One thing I love about living in London is how many brilliant options there are for dates. Forget Odeons packed full of sweaty, shrieking teenagers and flabby, flat-packed pizza chains. Forget googling ‘great date ideas Trull’ before giving up and taking your date to the same Indian you went to every Friday with your ex. Forget having to schlep out to the nearest town to be able to have a snog without half the village seeing and having a middle-class meltdown. In London, the world is your oyster and oysters are the food of love. This is the place where young lovers gorge.
Life has a funny sense of irony. After having been in London and available for dates for nigh on seven months, I of course meet the speed date just before I’m due to go on holiday for three weeks. Why is it that love never pitches up at a time convenient to you? No, it always rocks up when you’re rushing out the door or looking for your keys or having a wee. I imagine Cupid out there somewhere, giggling, loosing an arrow into the left buttock of a man newly diagnosed with genital warts. Still, beggars can’t be choosers. We arrange a date for the night before I’m due to fly. Not ideal but I’m worried if we wait we’ll lose one another in the clamour of airports and baggage and hotels. Dates are like lobsters. Once you’ve got them you need to do something with them quickly or they begin to spoil.
I meet her at a speed dating event. After a 3 month dating hiatus, I’m finally ready to throw my knickers back into the ring. Well, maybe not throw. Place gently and then linger awkwardly on the sidelines in case I change my mind and need to whip them back out again. Once bitten, twice shy. Or in my case, thrice bitten, I’ve contracted rabies and need to be quarantined. It turns out, I’m a little rusty. Before the event starts she sits down at my table. She’s so pretty I do that thing where I keep having to look away otherwise I know I’ll end up staring.
One of the dating rituals I find most irritating is the trend for a shaved muff. As a working woman, I resent how expensive, sore, fiddly, cold and time-consuming it is. Sure, I’ve been working all week, studying for a diploma, going to the gym, making a curry, calling my mother, doing the food shopping, planning my weekend, doing my tax return, dismantling the Christmas tree, renewing some library books, vacuuming my bedroom, trying to work out where to recycle lightbulbs and sniffing the air vent to make sure the old lady next door’s not accidentally gassing herself – BUT PLEASE, LET ME SHAVE MY PUSSY FOR YOU.
I’ve invited the Thai for lunch with my friends. I don’t often introduce the people I’m seeing to my friends. It’s not that I’m sniffy or pompous about these things. It’s that I rarely date anyone where I can see a possible future and so don’t want to insinuate a closeness I don’t feel. When I eventually introduced Blue Eyes to my friends it felt like more obligatory than celebratory – the grudging culmination of 6 months of rocky dating. I’m also protective of my friendship group. I’ve worked hard to cultivate it, collecting my friends over the years like beloved bric-a-brac. Some I found myself, others I borrowed and others I stole, stuffing them in my pocket and legging it before anyone noticed. Ha! They’re mine now, suckers!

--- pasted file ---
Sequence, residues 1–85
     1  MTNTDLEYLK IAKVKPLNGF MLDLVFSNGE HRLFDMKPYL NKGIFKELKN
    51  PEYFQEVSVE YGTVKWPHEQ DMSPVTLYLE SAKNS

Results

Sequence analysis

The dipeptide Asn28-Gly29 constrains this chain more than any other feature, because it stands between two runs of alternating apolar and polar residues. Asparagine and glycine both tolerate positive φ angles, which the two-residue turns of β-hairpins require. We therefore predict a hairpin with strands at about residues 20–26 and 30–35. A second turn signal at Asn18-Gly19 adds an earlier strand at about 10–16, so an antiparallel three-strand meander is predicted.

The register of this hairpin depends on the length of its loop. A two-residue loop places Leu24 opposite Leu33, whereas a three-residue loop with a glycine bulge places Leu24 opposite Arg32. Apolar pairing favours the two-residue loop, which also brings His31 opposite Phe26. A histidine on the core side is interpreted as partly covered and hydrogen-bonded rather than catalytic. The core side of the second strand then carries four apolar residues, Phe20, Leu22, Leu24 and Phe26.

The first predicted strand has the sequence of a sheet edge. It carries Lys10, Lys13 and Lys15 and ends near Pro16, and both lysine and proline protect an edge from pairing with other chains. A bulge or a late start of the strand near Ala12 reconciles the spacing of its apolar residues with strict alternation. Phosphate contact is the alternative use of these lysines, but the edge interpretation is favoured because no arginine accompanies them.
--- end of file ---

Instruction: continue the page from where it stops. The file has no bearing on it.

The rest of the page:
How are you getting on with your resolutions? Have you collapsed headfirst into a tiramisu yet? Lost all feeling in your thighs? Have you had a breakdown in the supermarket, entering with a shopping list of quinoa, beetroot and kale and leaving in tears with 12 tubs of butter? I can’t stand new years resolutions, aka, the annual flogging and gruel parade. I personally think it’s a miracle there aren’t more kale-related attacks at this time of year. I keep expecting to walk into my local grocer’s and see people lobbing mushrooms at one another, giggling uncontrollably and shouting FATTY BOOM BOOM.
I like someone. I met her a few weeks ago on a dating app but I didn’t get excited then because I know how fickle these apps can be: here today, gone tomorrow – or tonight or this afternoon or sometimes even by mid-morning before you’ve had a chance to open the hobnobs. That’s the worst. Please, let me eat my hobnob before you reject me. But she persevered and I persevered and a few days later I’m having a glass of wine with her in the bar of a five star hotel. It’s her choice and a good one. The room is beautiful, all done up in grandeur like an old royal, but sexy too, like she’s got her stockings on show. There’s also something seductive about being in a hotel, as if at any moment we could finish our drinks and slip into a four-poster upstairs.
It’s my fourth date with Blue Eyes and I’m heading to hers on a Friday night, overnight bag tucked smugly under my arm. She opens the door and she’s so bloody beautiful it takes all my willpower not to ravish her in the communal hallway.
What’s your type? People always ask me that and my response is always the same: I like femme girls. She can be tall, short or middle of the road; blond, brunette, red-head or blue-head; fair, tanned, dark or Boots’ finest; she can be a skinny little slip of a thing or a happy tumble of curves. But (insert grunt here) I like a woman to be a woman *swings club over shoulder and heads into cave*.
I’m filling my mate in on my disastrous date with the Irish: “Why are so many people so terrible at making conversation?” she laughs “it’s like it’s a dying art form. I mean, it’s not that hard to ask a few questions!” “I know! I blame the internet.”